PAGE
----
Job satisfaction rose in January, but so did job security fears, according to a new study from staffing firm Hudson.
Staff Writer, CNET News.com
Tech industry workers' confidence in the job market was little changed in January, according to a new report.
Staffing firm Hudson Highland Group on Wednesday said its monthly employment index for the information technology sector rose by a smidgeon from December. Job satisfaction increased, and IT workers were happier about their personal finances, according to the study.
Job security fears, however, also rose. The percent of IT workers worried about losing their jobs in the near future increased from 23 percent in December to 26 percent in January.
The way U.S. technology professionals feel about their job situation continues to be mixed, and for good reason. The average number of unemployed workers in nine high-tech categories--including computer programmers, database administrators and computer hardware engineers--fell from 210,000 in 2003 to 146,000 in 2004, according to Department of Labor data. Nonetheless, more than 175,000 high-tech workers were laid off last year, according to a recent report. And the threat that tech work will be sent overseas remains real.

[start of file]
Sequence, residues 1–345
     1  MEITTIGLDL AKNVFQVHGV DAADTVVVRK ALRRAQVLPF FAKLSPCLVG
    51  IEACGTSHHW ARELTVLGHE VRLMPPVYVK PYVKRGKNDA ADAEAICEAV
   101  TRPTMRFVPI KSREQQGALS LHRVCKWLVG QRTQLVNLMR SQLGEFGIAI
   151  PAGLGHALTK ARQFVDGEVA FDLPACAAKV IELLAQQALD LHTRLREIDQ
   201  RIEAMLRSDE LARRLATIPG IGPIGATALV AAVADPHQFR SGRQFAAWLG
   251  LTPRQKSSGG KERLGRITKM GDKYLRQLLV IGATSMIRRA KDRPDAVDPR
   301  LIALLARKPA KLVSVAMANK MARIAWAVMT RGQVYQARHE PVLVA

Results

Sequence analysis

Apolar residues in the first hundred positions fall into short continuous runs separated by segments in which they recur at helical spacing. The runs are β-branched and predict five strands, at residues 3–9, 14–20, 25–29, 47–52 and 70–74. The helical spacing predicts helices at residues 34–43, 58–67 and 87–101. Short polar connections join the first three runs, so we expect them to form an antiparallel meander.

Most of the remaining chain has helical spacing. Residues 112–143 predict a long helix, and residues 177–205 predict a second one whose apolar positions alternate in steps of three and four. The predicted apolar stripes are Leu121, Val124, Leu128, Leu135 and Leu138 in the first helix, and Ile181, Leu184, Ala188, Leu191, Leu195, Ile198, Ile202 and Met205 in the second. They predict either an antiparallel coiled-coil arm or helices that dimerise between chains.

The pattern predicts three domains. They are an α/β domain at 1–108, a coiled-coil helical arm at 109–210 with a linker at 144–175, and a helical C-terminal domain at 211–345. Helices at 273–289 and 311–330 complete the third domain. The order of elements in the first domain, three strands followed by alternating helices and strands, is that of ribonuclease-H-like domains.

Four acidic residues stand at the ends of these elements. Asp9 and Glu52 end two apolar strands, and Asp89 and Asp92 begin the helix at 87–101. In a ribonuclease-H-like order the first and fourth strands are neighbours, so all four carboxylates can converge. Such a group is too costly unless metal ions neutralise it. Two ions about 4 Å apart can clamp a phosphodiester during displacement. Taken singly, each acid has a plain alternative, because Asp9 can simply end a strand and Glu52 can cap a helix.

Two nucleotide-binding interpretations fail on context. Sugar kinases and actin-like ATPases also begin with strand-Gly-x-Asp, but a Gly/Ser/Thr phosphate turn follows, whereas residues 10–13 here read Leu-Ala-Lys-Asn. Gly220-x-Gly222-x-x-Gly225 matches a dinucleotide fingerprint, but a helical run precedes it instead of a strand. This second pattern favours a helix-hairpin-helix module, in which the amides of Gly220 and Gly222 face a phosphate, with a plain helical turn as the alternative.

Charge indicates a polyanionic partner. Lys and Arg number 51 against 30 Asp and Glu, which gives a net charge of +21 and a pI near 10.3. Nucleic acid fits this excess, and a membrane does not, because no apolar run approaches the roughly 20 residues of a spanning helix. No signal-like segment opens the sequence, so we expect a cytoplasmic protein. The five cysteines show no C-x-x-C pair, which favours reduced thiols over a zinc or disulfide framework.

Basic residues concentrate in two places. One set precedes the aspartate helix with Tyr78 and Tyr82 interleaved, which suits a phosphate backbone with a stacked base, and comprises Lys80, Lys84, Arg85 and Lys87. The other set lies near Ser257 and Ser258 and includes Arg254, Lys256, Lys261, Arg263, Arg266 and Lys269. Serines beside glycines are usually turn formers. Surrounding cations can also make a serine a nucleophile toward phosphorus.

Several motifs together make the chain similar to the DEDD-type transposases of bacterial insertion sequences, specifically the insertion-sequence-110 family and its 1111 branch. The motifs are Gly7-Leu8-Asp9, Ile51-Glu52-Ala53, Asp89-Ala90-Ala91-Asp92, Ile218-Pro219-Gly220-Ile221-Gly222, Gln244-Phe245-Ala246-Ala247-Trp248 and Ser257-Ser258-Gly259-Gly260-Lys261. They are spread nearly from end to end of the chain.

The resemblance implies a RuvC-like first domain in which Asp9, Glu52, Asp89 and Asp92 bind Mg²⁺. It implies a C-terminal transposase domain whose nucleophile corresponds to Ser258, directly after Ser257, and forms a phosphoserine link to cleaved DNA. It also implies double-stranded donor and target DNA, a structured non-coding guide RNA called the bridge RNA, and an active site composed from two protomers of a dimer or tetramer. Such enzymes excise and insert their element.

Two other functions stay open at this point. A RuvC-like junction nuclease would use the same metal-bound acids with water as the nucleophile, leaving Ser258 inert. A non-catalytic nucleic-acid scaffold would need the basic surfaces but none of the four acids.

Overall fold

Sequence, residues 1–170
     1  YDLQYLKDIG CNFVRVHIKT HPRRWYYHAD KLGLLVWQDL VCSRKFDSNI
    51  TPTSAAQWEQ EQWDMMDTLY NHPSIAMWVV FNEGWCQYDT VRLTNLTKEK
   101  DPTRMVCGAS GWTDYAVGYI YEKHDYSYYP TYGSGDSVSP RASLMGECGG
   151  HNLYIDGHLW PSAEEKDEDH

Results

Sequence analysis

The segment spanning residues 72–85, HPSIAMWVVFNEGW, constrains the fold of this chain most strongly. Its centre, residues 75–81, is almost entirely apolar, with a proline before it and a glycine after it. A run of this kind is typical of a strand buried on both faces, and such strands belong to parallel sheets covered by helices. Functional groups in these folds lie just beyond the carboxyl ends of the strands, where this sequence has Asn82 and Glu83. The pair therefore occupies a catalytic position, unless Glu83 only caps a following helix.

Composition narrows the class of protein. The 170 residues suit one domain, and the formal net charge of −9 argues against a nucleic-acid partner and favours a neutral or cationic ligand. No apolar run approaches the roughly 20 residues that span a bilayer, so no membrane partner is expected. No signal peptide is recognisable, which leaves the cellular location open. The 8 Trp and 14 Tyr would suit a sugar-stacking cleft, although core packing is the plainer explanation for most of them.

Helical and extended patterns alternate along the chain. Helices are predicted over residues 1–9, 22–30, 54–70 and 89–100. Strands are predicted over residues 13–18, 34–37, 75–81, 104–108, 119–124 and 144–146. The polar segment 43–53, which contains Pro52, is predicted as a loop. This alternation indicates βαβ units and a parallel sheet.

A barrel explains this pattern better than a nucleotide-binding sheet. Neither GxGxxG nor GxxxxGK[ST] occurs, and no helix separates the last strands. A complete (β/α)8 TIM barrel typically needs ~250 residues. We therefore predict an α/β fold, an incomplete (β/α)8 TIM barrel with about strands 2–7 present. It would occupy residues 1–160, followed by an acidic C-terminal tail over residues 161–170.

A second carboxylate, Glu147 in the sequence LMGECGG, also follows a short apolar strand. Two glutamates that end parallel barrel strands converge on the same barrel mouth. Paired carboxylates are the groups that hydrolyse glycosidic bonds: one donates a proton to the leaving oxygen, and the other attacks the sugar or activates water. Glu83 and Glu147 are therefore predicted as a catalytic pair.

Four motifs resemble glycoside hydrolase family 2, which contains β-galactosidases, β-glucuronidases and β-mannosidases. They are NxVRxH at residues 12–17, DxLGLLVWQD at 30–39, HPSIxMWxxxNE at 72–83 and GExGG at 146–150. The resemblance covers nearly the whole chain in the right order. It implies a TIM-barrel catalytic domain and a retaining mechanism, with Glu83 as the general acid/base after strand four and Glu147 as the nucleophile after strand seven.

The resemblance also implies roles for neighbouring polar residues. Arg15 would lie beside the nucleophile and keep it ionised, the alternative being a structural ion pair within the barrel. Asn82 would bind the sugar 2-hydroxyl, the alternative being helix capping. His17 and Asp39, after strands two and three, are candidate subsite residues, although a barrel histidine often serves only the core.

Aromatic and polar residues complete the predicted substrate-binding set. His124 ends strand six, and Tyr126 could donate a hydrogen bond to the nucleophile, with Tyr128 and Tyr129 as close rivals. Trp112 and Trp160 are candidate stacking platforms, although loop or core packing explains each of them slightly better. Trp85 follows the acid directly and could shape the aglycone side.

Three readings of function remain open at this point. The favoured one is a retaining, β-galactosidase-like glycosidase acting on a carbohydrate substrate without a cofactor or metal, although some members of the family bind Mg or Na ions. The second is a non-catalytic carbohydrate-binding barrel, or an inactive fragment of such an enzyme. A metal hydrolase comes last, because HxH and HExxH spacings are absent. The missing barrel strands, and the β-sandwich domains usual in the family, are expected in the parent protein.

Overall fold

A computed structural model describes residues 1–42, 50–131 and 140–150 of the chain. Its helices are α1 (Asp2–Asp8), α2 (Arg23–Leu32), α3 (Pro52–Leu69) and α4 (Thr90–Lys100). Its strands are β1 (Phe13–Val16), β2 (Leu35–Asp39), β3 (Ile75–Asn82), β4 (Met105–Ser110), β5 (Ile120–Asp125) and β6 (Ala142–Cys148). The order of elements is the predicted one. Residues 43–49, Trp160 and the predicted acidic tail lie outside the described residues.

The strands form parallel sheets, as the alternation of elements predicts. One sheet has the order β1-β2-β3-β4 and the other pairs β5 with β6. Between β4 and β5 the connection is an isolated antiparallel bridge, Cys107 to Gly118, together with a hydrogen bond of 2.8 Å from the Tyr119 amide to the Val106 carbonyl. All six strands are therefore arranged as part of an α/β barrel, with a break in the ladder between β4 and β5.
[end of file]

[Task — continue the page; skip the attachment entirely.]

Perhaps because of concerns about offshoring, IT workers were more worried about losing their jobs in the near future than U.S. workers overall, according to Hudson. Just 19 percent of the U.S. work force in January was worried about soon losing its job.
Fifty-eight percent of IT employees rated their finances as excellent or good in January, compared with 51 percent in December.
Hudson's employment index for IT workers edged up to 116.6 in January from 116.3 in December. The overall index rose to 106.2, from 103.6 in December.
The employment index, calculated from survey questions covering work and personal-finance issues, is designed to measure U.S. workers' confidence in the employment market. It examines sectors such as IT, health care and manufacturing, and is based on surveys of about 9,000 U.S. workers. Hudson began the index roughly a year ago, assigning a base number of 100 for its December 2003 survey.